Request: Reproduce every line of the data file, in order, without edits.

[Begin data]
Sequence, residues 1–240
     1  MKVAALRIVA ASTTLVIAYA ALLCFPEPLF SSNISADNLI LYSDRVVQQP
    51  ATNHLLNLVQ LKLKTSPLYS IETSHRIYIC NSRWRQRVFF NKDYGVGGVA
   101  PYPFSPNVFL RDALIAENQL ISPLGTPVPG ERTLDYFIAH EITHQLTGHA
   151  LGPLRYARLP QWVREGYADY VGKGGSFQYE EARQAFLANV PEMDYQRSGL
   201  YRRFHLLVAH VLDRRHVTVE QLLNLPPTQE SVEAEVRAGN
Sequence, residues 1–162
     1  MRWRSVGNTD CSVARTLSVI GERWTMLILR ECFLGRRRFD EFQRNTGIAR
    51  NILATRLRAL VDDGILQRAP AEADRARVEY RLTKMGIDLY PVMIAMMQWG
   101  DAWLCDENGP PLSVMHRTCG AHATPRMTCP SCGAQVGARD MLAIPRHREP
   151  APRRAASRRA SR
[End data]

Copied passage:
Sequence, residues 1–240
     1  MKVAALRIVA ASTTLVIAYA ALLCFPEPLF SSNISADNLI LYSDRVVQQP
    51  ATNHLLNLVQ LKLKTSPLYS IETSHRIYIC NSRWRQRVFF NKDYGVGGVA
   101  PYPFSPNVFL RDALIAENQL ISPLGTPVPG ERTLDYFIAH EITHQLTGHA
   151  LGPLRYARLP QWVREGYADY VGKGGSFQYE EARQAFLANV PEMDYQRSGL
   201  YRRFHLLVAH VLDRRHVTVE QLLNLPPTQE SVEAEVRAGN
Sequence, residues 1–162
     1  MRWRSVGNTD CSVARTLSVI GERWTMLILR ECFLGRRRFD EFQRNTGIAR
    51  NILATRLRAL VDDGILQRAP AEADRARVEY RLTKMGIDLY PVMIAMMQWG
   101  DAWLCDENGP PLSVMHRTCG AHATPRMTCP SCGAQVGARD MLAIPRHREP
   151  APRRAASRRA SR